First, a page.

Taxation of 401(k) Loans & Withdrawals

 At one time or another, many individuals consider borrowing funds from their retirement accounts such as their 401(k) savings. They wonder what would be the tax consequences of such loans or withdrawals. Simply put, if the retirement plan allows such loans in the first place, and the individual abides by the terms of the loan, the borrowing would have no tax consequences. Violation of the retirement plan rules for loans or withdrawals, however, may result in a 10% penalty tax and also inclusion of the entire amount in the taxpayer’s income in the year that he violated such rules. For example, if you borrow $10,000 from your 401(k) as a loan in 2015 and agree to pay it back in 2016 but fail to do so, you will be subjected to a 10% tax on the amount that you failed to repay if you are younger than 5912. In addition the same amount should be included in your income in 2016.

      If you intend to borrow from your retirement plan savings, you should first carefully study the provisions of your retirement plan document related to loans and premature withdrawals. Some retirement plans don’t allow long-term borrowing. Individual Retirement Accounts (IRAs) are one such retirement plan. IRA account holders are required to return any withdrawals within 60 days. The same time limit applies if the IRA account holder intends to rollover some or all of his IRA savings to another retirement account. If he receives a check for the rollover amount and fails to deposit it in a new retirement account within the 60-day limit and he happens to be younger than 5912, then he will be subjected to the 10% penalty tax. In addition, the entire amount will be included in his income in the year that he violated the 60-day rule. There are some exceptions to this 5912 years rule. For example, if you use the funds to purchase or rebuild your first home, you will be exempt from the 10% tax penalty for premature withdrawal.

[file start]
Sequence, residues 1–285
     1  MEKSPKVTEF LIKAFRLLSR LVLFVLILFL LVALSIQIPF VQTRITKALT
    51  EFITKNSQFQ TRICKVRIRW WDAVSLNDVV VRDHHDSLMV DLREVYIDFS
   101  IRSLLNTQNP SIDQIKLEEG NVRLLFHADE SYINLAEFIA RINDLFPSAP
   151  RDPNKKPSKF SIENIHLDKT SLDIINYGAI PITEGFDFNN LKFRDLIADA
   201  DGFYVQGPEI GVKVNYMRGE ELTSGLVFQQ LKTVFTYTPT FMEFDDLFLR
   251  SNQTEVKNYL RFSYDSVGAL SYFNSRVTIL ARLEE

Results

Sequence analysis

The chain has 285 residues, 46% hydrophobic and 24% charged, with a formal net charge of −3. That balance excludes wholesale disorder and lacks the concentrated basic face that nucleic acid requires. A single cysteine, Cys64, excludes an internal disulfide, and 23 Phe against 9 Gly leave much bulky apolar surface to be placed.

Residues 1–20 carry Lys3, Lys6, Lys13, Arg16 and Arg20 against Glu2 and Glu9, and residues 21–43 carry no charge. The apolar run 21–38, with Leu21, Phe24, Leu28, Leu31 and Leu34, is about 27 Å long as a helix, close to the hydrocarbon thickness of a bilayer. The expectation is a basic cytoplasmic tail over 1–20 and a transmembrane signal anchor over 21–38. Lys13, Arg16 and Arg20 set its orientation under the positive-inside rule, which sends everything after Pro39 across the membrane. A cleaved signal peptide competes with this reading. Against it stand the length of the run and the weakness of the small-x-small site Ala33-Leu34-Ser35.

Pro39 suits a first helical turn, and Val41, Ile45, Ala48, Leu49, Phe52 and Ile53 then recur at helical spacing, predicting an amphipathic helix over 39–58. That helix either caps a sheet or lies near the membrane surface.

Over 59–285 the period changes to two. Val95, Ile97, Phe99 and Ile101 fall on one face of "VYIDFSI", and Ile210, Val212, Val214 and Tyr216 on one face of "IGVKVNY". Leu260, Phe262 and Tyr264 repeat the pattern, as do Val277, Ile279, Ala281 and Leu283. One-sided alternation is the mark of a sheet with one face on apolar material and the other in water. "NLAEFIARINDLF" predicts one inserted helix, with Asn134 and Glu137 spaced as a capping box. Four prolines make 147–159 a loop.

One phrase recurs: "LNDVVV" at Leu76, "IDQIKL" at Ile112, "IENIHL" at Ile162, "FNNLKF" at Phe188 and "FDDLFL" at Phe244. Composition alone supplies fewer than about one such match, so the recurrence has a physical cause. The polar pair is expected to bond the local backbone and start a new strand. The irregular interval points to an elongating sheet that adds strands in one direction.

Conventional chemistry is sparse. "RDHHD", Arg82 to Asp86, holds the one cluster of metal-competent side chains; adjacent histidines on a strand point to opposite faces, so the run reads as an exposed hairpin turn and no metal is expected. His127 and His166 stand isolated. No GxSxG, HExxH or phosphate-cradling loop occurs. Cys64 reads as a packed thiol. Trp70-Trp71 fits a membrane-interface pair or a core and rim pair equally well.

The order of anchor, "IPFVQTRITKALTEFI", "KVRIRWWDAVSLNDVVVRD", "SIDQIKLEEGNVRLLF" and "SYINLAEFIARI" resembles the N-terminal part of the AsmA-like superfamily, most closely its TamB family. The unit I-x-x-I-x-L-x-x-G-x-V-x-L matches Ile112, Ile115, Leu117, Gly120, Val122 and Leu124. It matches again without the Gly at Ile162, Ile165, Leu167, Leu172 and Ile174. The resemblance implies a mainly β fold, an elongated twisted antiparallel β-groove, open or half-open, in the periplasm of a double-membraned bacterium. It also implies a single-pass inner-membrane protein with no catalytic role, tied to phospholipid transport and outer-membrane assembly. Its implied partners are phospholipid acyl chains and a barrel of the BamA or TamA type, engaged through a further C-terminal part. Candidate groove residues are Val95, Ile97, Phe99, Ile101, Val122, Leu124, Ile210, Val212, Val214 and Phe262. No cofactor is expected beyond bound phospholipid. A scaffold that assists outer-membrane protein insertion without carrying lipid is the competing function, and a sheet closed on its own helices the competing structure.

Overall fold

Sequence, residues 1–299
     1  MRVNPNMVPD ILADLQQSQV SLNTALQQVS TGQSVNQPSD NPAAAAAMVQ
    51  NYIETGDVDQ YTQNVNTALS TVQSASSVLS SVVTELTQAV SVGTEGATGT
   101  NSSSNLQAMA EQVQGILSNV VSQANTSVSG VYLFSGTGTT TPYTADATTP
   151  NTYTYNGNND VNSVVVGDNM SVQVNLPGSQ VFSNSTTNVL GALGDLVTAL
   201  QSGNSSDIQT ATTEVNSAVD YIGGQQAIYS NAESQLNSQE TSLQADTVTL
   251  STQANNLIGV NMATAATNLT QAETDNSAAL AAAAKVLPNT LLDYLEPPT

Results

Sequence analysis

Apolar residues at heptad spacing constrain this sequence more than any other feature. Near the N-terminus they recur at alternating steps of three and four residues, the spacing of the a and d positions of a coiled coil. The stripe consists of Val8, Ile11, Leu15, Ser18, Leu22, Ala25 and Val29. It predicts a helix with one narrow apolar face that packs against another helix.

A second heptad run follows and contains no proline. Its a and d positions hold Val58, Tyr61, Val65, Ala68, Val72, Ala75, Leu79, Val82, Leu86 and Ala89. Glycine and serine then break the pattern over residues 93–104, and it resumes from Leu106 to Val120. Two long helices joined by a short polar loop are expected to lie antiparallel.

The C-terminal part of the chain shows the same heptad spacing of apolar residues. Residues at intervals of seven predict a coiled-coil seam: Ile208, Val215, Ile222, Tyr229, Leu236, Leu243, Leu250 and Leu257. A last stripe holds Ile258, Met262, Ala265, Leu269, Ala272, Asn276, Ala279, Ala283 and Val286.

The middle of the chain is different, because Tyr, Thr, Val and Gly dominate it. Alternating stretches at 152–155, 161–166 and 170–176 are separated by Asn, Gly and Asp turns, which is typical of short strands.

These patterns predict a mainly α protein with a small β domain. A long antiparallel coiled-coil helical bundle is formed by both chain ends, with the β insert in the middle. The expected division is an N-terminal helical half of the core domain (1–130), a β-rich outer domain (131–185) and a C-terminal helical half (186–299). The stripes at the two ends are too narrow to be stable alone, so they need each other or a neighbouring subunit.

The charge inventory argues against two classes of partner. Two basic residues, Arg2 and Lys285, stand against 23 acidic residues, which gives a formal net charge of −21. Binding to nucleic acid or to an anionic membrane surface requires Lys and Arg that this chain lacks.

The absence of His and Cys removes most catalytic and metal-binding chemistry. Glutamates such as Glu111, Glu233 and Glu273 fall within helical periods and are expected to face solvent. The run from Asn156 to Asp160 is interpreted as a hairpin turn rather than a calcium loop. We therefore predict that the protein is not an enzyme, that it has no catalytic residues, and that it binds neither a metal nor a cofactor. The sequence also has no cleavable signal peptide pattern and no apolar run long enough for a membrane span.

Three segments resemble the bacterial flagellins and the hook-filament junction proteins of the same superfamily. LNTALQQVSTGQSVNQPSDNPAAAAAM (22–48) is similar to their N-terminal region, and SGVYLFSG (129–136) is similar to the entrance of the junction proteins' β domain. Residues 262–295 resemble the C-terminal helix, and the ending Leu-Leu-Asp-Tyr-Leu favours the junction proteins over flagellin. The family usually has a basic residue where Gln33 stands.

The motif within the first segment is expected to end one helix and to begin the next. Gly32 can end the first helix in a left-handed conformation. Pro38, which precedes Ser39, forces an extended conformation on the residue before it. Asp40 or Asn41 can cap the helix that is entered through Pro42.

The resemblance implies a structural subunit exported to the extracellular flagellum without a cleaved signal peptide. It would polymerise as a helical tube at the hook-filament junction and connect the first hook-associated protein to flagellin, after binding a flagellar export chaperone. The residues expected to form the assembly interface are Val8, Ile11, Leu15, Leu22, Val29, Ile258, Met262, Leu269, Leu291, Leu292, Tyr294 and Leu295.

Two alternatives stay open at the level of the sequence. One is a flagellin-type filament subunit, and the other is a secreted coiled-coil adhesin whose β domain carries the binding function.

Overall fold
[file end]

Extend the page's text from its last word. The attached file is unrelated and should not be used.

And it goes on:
Tax consequences of premature withdrawals from retirement accounts such as 401(k) accounts are similar to loans from those accounts which are not repaid on time.

      If you are concerned about tax consequences of loans and withdrawals from your retirement savings such as 401(k), IRA, ROTH IRA, SEP IRA, Thrift Savings Plans or similar accounts, contact our law firm. In addition to an LL.M. in taxation from Georgetown University Law Center, tax attorney, Kamyar Mehdiyoun, holds a certificate from the same institution in retirement and employee plans law and has assisted his clients in navigating the tax and retirement laws pertaining to taxation of retirement plans.